The summit is planned for late August, the Scottish Government has said, and will aim to look at using byelaw powers to prevent patients feeling harassed by anti-abortion vigils or protests.
This will be the second summit the Government has convened after First Minister Nicola Sturgeon hosted one in June.
Scotland has seen a recent marked rise in anti-abortion protests across the country, with more protests from the group 40 Days for Life set to take place next month.
At the last summit, the First Minister said the Government was considering test councils, specifically Edinburgh and Glasgow, to implement 150m buffer zones to protect women from anti-abortion harassment.
The Government said it was working with councils’ umbrella body Cosla and relevant local authorities to prepare for the latest summit.
There will also be another summit later on – either at the end of this year or the start of next year – to discuss “broader” issues, including national legislation of buffer zones.
Ministers are waiting for the UK Supreme Court to rule on a Northern Irish case around buffer zones legislation to see if that clarifies the legal situation.
A Government spokesperson said: “The Scottish Government is planning a summit for late August.
"We are working with Cosla and relevant local authorities to prepare for this. This meeting will focus on the potential for using byelaw powers to address issues at particular sites in order to prevent patients or staff feeling harassed or intimidated by abortion vigils or protests.
“The First Minister also proposed convening a further, broader summit on abortion rights around six months after the first abortion summit in June. This will be arranged after the Supreme Court judgement has been received in relation to the Northern Irish Abortion Services (Safe Access Zones) Bill.”
Both Ms Sturgeon and women’s health minister Maree Todd suggested at the previous summit a test council for buffer zones could be in either Glasgow or Edinburgh, or both, given the “scale” of protests.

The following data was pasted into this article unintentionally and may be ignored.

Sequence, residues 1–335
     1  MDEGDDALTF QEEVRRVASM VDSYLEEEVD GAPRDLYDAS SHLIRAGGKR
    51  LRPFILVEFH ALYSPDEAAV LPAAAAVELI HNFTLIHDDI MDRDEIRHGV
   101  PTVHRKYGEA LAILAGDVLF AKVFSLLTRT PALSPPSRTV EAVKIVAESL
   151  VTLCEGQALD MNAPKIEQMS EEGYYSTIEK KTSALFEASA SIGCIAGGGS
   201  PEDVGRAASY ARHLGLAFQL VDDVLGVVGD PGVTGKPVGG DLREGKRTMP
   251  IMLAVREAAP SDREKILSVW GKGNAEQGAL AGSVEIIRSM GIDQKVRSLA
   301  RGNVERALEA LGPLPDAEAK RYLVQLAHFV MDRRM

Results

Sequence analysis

However, in November, legal advice sought by Cosla stated that it would be “unlawful” for councils to use by-laws to implement the zones.
The Scottish Government is investigating whether to back a private member’s bill by Green MSP, Gillian Mackay, to introduce the zones at a national level.
Ms Sturgeon said she “believed strongly” that legislation was the correct long-term solution, but buffer zones could breach the European Convention on Human Rights, which protects free speech.
Lucy Grieve, Co-founder of campaign group Back Off Scotland said: “Between now and Gillian Mackay MSP’s Member’s Bill passing through the Scottish Parliament, it’s crucial that we find a solution that protects patients and staff from running the gauntlet of this harassment.
"National buffer zones are the only long-term solution, but local authority legislation may be key in protecting service users in the interim.
"We look forward to hearing the outcome of the local authority-focused summit, and to reconvene later in the year with the First Minister to discuss the path forward.”
A poll run by Savanta ComRes last month, in conjunction with The Scotsman, showed more than two-thirds of Scots supported the introduction of buffer zones around abortion clinics in Scotland. Fewer than one in 12 opposed their implementation, according to the survey.